• If the car is charged at the office then it would move from a scope 1 emission (i.e. what a deisel car would be) to scope 2 because this will add to the company electricity bill. The emissions would then depend on whether the company is using a location-based or market-based approach to measuring scope 2 (which is covered in a couple of steps time!).

  • I think it's best to combine this with the "working days in the year" (step 2.10) to find a number that works for you. For example, if you have 12 staff but everyone only works 1 month of the year then you could put "12" for this setting and "30" (days) for the average working days in the year. If it got very confusing then you could run two separate versions...

  • Good question. I'm not an accountant either! Might be best to look up the GHG Protocol PDF on how to treat large capital expenditure. I would assume that some things could / should be spread over multiple years. e.g. if there is a large investment for capital goods that will last 10 years then I suspect the emissions should be spread. I'm planning to update...

  • I hope we'll make that clearer as we go through the course! No, if you are using a location-based technique then you always report on 100% of your emissions. If your country or state supply is 90% renewable then the "grid emission factor" (which converts kWh used to CO2e) will be very low. e.g. over-time, if we use location-based reporting for scope 2...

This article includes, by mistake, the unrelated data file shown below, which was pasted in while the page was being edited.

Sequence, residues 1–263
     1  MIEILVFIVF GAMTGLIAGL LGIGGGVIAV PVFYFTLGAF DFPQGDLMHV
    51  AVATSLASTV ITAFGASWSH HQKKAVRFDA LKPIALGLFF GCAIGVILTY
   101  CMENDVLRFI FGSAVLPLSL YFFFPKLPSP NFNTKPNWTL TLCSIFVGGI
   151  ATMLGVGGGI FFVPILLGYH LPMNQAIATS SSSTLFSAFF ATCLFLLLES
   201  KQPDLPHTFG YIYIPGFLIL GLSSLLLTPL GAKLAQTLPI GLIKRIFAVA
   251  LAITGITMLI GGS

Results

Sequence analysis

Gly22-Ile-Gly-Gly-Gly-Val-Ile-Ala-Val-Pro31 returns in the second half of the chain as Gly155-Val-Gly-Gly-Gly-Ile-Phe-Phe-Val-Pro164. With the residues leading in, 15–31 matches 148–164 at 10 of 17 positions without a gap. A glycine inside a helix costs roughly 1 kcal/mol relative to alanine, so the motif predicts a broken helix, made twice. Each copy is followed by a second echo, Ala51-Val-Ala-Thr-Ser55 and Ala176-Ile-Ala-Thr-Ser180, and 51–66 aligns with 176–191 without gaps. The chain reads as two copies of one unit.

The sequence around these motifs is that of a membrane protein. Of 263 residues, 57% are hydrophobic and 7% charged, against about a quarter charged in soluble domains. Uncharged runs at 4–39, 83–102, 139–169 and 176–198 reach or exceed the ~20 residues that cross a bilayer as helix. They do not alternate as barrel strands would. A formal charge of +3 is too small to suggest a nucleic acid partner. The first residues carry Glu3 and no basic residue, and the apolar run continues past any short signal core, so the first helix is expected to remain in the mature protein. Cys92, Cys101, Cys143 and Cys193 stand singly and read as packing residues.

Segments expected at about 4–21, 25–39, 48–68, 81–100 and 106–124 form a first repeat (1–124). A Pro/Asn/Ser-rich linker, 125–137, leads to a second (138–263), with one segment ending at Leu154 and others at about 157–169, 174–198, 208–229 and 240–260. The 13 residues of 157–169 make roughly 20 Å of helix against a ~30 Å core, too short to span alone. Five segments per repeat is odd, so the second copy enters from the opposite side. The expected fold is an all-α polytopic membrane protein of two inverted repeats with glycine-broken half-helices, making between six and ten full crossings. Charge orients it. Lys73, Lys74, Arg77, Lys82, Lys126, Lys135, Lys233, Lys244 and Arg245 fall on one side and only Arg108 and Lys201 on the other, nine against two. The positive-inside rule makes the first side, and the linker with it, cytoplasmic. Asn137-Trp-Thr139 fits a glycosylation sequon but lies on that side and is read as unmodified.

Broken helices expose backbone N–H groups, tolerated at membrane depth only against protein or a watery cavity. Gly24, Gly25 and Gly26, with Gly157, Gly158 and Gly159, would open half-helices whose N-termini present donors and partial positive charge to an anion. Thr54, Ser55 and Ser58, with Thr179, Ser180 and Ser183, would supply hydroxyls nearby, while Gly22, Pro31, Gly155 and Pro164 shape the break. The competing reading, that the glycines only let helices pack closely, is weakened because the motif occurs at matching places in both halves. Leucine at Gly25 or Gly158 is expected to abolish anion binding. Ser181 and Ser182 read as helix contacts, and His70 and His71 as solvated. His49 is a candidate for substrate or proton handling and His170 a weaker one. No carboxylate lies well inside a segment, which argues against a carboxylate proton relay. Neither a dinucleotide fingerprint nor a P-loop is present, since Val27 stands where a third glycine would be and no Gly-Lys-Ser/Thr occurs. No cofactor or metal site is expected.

• @MikeArfsten - sorry if that's not clear. No, you can just enter everyting in US dollars and the calculator will work it all out for you. As it's just dividing one number by the other it won't really impact the gas and electricity values that much (if you changed the total paid and the price per kWh). But it would impact the Scope 3 "Amount spent on purchased...

  • @MuhammadFarhanAli There are a few sources for this. And looking at this table makes me wonder if I actually missed a "0" off this when I wrote the course!
    https://climatechangeconnection.org/emissions/co2-equivalents/
    (look at the table at the bottom).

    Essentially it's the estimated warming effect of the gas versus CO2.

  • I would say that this article is a little out of date now that we have the formal definition of Net Zero. The problem with "carbon neutrality" is that the formal standards for this (PAS2060) allow this to mean that you are balancing emissions with offsetting. But protecting a forest is NOT the same as permenant carbon capture (because the forest was there...